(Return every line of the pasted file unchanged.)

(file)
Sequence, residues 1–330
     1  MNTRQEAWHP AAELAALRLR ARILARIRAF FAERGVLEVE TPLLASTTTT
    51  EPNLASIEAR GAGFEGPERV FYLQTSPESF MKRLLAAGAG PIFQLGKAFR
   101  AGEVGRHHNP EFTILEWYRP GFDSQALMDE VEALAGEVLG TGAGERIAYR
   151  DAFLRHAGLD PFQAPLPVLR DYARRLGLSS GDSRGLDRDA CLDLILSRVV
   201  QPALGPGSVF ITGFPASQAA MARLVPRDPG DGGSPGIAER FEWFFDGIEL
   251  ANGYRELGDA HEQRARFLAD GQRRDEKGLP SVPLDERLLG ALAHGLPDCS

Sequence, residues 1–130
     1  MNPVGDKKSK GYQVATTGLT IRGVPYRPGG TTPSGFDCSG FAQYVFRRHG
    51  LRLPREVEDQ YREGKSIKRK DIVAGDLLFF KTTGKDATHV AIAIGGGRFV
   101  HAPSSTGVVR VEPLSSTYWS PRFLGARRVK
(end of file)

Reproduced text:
Sequence, residues 1–330
     1  MNTRQEAWHP AAELAALRLR ARILARIRAF FAERGVLEVE TPLLASTTTT
    51  EPNLASIEAR GAGFEGPERV FYLQTSPESF MKRLLAAGAG PIFQLGKAFR
   101  AGEVGRHHNP EFTILEWYRP GFDSQALMDE VEALAGEVLG TGAGERIAYR
   151  DAFLRHAGLD PFQAPLPVLR DYARRLGLSS GDSRGLDRDA CLDLILSRVV
   201  QPALGPGSVF ITGFPASQAA MARLVPRDPG DGGSPGIAER FEWFFDGIEL
   251  ANGYRELGDA HEQRARFLAD GQRRDEKGLP SVPLDERLLG ALAHGLPDCS

Sequence, residues 1–130
     1  MNPVGDKKSK GYQVATTGLT IRGVPYRPGG TTPSGFDCSG FAQYVFRRHG
    51  LRLPREVEDQ YREGKSIKRK DIVAGDLLFF KTTGKDATHV AIAIGGGRFV
   101  HAPSSTGVVR VEPLSSTYWS PRFLGARRVK